In 2017 Charlie and Jack’s columns were completed, and we started another column dedicated to Ron DeLuca, another pillar of the camp and one of the original Stone Ministry founders. All that summer his many children (and grandchildren) came with their mother, Lois, to cement stones into Ron’s column.
Also, in 2017 it was time to gather timber for a roof structure over this western portion of the Chapel that was taking shape. So we cut down two dozen big hemlock trees near to the building and had a portable sawmill turn them into appropriately-sized timbers.
WHEN WILL IT BE DONE?
People are always asking: When will it be done?
Well, that is not entirely clear. Everything in God’s time. Years ago, Reverend Jim Moore, a long time member of the Kingswood community, now a retired District Superintendent of the United Methodist Church (the Church that owns the camp) and one of our Stone Ministry Masons who helps run the program, called our program “Wonderfully Impractical.”
Indeed, this is not a practical way to build a building. But Stone Ministry is not so much about the end product as it is about the process. It is about the personal messages enshrined forever, and about the personal anchors into community and creation that the stones become.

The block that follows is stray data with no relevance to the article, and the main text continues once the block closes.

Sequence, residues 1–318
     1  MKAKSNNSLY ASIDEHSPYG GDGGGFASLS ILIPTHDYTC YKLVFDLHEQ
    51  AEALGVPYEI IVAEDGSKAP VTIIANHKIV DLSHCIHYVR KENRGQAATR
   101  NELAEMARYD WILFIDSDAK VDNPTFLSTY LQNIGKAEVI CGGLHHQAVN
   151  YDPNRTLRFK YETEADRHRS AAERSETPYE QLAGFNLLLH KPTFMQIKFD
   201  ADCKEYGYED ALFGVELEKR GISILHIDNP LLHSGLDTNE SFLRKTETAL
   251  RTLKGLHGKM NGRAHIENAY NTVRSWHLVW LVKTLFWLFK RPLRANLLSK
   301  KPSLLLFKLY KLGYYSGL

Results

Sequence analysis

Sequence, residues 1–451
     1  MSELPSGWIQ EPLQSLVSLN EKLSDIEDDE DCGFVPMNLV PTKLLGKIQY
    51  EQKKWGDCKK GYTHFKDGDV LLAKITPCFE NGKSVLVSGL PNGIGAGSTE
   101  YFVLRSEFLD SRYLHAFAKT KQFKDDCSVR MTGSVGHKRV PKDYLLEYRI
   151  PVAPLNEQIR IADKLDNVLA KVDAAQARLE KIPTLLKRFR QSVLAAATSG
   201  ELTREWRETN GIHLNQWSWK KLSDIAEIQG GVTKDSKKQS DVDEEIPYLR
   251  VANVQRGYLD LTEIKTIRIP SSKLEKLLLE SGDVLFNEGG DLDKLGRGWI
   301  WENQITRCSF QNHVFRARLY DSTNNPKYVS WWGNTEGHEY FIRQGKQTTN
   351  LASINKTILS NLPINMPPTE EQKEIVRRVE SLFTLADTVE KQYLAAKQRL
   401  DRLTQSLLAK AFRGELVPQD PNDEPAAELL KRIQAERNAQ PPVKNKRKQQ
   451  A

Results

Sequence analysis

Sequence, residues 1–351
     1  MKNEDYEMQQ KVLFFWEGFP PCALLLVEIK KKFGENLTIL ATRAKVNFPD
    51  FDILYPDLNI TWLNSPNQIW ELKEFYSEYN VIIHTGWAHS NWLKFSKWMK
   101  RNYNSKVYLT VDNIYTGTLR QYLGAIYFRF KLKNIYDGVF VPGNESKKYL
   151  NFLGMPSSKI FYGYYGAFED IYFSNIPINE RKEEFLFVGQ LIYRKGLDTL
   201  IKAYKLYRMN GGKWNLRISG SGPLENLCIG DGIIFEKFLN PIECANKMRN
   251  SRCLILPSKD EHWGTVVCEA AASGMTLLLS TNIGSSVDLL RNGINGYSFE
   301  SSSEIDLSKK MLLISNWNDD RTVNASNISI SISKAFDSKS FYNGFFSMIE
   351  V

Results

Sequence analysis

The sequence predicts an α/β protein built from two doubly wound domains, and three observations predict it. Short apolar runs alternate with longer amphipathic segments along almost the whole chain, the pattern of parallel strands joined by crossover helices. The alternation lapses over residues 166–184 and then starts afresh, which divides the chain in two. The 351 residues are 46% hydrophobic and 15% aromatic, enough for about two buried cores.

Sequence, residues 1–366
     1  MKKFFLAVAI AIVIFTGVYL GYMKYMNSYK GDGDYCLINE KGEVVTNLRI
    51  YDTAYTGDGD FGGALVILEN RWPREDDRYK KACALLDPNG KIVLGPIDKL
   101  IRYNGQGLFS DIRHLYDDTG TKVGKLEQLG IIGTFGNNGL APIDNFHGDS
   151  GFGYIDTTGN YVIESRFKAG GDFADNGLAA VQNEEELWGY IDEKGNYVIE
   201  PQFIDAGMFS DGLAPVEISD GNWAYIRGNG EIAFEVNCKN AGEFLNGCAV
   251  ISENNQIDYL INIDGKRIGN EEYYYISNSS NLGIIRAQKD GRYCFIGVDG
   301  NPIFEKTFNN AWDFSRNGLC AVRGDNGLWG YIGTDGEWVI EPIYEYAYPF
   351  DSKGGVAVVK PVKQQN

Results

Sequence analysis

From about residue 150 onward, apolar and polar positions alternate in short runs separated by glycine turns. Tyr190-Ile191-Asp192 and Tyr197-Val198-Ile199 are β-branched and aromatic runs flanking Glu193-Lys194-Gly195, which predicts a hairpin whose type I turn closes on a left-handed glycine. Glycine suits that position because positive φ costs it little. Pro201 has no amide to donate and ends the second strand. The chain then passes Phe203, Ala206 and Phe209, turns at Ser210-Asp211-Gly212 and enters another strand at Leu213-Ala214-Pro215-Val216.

And it is about a dream. A dream that one day, as a by-product, we may actually have a stone Chapel in the Woods … actually made of thousands of keystones.
That being said, biblical things seem to take about 40 years. Perchance if this is biblical, we are somewhere around on schedule.
WHAT WILL IT LOOK LIKE?
That also is a bit fuzzy, but it is coming more into focus … after all, more and more of the building is “cast in stone” now.
The Spirit seems to let out the vision in bits and pieces as necessary. Some of the original visions have evolved significantly over the years. But, we have never had to significantly backtrack as the vision became clearer. Just sketches changed. Just now we have the first renderings of what Kingswood’s Stone Ministry Chapel in the Woods may look like:
Stone Ministry cementing sessions take place on Fridays and Saturdays throughout the summer season. The traditional session includes a tractor ride from the Barn to the Stone Ministry site. Sometimes we stop by a remote stone pile to gather stones; other times, we chose stones from the piles we have already relocated to the site.
The group washes and marks its stones, then mixes mortar before cementing the stones into wherever we happen to be working that day. Participants are encouraged to have some reflection time in our Hemlock Sanctuary as they wait for their turn to cement in their stone (or stones).
Finally, the hay wagon delivers everyone back to the Barn.
People who would prefer to forgo the tractor ride can meet at the site. Also, hailing the tractor as it passes your campsite is encouraged.
These sessions meet at 10:00 AM Friday and 2:30 Saturday at the Barn.
Free time to cement stones on a walk-in basis is available every Saturday AM from 9:30-11:30.
HOW IS THS STONE MINISTRY FUNDED?
By donations. It is separate from the Camp’s operating budget.
Sand and cement is inexpensive. Excavation, concrete foundations, portable sawmills and slate roofing is more expensive.
If you would like to make a donation to The Stone Ministry, please contact the Kingswood Campsite Treasurer.